The most recent fundraising of the final company had the most scant process of all. The company has a history of forming strategic partnerships with its customers and it is these avenues through which the company had previously raised funds. However, in the most recent round of financing, the company connected with a venture capitalist, whom the chairman of the company met by chance. As discussions between the company and the investor were ongoing, it was clear that an investment banker would not be needed to facilitate the deal. The company also made it clear control of the company was not available. The connection proved so strong that to date the investor has provided two tranches of financing and continues to act as an advisor.
After the companies shared their stories, there were several questions from the audience including:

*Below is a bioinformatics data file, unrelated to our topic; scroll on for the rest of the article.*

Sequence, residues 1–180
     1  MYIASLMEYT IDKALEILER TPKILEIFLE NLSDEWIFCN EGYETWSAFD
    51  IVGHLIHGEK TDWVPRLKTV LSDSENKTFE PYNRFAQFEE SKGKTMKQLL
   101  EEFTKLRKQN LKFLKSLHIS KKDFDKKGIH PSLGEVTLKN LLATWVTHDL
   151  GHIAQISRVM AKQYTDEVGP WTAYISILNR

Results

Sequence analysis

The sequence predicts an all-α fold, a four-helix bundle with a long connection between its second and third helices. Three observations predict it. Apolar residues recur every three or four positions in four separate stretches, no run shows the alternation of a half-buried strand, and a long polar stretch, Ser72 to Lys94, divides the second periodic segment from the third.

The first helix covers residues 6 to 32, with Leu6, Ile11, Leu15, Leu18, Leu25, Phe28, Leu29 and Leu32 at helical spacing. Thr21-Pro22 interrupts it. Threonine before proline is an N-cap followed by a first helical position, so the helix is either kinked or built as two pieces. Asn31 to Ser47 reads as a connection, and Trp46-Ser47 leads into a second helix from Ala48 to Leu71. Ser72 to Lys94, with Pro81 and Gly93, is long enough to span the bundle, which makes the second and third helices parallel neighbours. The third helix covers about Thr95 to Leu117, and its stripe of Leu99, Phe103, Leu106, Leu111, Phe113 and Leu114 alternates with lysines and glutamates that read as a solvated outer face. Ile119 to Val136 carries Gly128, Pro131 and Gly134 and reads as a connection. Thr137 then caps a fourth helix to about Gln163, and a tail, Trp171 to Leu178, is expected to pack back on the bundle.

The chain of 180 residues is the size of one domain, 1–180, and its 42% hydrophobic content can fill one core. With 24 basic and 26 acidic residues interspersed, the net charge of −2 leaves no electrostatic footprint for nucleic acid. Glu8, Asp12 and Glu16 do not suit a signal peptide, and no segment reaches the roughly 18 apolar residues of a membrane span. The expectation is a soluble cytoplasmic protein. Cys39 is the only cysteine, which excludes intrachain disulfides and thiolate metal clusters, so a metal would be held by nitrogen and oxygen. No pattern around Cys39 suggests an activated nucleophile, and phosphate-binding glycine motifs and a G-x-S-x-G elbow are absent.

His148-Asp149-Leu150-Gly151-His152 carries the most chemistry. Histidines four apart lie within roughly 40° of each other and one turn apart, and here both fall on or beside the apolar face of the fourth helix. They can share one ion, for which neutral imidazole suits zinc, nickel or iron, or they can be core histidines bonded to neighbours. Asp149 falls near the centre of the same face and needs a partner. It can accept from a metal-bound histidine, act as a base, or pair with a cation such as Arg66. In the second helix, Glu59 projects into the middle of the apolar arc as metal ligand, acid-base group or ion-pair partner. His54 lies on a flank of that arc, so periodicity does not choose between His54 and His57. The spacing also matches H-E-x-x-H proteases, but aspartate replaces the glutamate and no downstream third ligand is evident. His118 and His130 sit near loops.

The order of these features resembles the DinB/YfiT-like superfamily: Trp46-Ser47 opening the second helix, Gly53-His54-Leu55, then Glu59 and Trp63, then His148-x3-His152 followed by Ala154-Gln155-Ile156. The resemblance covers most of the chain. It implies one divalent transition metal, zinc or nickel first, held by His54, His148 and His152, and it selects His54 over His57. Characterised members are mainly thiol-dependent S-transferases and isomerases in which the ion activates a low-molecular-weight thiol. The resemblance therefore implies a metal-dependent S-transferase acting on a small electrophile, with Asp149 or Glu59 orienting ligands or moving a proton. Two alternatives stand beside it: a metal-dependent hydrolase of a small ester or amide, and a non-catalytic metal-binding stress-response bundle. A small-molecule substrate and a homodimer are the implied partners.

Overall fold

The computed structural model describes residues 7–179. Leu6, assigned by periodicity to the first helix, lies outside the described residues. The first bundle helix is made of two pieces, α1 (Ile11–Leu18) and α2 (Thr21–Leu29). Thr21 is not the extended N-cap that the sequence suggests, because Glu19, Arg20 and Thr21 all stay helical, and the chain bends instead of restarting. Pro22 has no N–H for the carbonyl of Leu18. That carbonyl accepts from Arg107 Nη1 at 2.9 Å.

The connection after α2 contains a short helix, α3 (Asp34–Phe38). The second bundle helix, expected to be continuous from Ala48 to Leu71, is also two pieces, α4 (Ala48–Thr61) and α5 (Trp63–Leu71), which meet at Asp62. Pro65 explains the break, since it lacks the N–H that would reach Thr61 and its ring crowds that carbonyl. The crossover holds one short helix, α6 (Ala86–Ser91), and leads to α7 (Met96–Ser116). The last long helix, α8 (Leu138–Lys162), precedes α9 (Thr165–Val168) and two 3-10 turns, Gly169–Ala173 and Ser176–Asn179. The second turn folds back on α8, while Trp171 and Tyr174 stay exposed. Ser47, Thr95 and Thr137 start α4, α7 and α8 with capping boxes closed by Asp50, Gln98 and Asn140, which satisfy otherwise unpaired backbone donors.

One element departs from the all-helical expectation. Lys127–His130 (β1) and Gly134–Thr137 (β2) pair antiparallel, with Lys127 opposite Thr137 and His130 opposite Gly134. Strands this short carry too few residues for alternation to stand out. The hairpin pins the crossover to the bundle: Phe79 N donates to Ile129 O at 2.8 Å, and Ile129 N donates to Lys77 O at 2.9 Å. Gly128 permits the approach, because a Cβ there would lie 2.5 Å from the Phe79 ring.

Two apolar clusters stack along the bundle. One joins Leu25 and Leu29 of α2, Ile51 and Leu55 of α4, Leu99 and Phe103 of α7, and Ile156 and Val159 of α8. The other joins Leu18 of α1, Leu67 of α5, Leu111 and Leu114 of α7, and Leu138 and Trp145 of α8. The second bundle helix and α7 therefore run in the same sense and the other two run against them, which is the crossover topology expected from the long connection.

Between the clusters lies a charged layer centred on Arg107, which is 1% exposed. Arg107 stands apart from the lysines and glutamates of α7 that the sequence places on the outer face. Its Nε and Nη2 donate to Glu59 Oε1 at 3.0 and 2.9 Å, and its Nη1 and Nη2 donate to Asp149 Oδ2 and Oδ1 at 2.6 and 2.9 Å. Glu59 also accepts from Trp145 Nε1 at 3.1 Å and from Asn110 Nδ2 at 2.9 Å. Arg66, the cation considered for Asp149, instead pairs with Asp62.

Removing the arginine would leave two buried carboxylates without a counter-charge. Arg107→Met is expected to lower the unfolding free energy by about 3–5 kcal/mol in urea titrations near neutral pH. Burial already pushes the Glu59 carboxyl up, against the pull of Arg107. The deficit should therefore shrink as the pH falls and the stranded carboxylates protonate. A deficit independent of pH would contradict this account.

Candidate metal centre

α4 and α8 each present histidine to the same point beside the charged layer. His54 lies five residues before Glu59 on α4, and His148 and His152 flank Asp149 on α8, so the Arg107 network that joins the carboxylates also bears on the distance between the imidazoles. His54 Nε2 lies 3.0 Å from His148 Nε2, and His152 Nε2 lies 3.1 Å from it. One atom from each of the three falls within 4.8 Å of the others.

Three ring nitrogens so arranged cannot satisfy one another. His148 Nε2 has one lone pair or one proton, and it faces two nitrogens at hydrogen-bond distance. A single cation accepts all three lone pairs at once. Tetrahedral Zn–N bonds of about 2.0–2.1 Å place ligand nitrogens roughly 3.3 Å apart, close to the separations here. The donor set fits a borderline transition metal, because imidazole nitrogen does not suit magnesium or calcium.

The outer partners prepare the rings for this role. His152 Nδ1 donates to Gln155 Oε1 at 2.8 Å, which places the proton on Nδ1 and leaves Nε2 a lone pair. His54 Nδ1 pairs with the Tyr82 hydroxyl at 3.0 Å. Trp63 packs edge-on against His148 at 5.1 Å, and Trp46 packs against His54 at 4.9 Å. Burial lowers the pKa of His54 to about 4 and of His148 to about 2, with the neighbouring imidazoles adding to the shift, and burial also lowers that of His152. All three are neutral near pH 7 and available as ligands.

Q: How did the companies choose between debt financing and equity fundraising?
- One company mentioned that they had no desire to take on debt; instead the fundraising was a way for the company’s owners to cash out some equity through a recapitalization transaction and diversify their personal wealth. Additionally, the lack of debt leverage enabled the company to use its balance sheet to pursue growth initiatives.
- The other two companies discussed the difficulties in obtaining debt financing – particularly when the company is light on tangible assets to serve as collateral, which banks prefer for security purposes. These companies were also reluctant to take on obligations to service debt, especially at a time when much of the cash generated by a business should be reinvested in growth initiatives.
Q: What did the companies do about the potential investor(s) who had not been selected?